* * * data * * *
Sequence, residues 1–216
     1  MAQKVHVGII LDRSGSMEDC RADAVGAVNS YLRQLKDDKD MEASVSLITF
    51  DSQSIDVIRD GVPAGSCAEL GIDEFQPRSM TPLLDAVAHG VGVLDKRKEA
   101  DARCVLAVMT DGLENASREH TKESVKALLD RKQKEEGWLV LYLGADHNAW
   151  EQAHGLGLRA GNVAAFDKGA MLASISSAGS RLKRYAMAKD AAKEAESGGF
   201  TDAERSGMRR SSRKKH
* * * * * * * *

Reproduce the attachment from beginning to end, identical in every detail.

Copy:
Sequence, residues 1–216
     1  MAQKVHVGII LDRSGSMEDC RADAVGAVNS YLRQLKDDKD MEASVSLITF
    51  DSQSIDVIRD GVPAGSCAEL GIDEFQPRSM TPLLDAVAHG VGVLDKRKEA
   101  DARCVLAVMT DGLENASREH TKESVKALLD RKQKEEGWLV LYLGADHNAW
   151  EQAHGLGLRA GNVAAFDKGA MLASISSAGS RLKRYAMAKD AAKEAESGGF
   201  TDAERSGMRR SSRKKH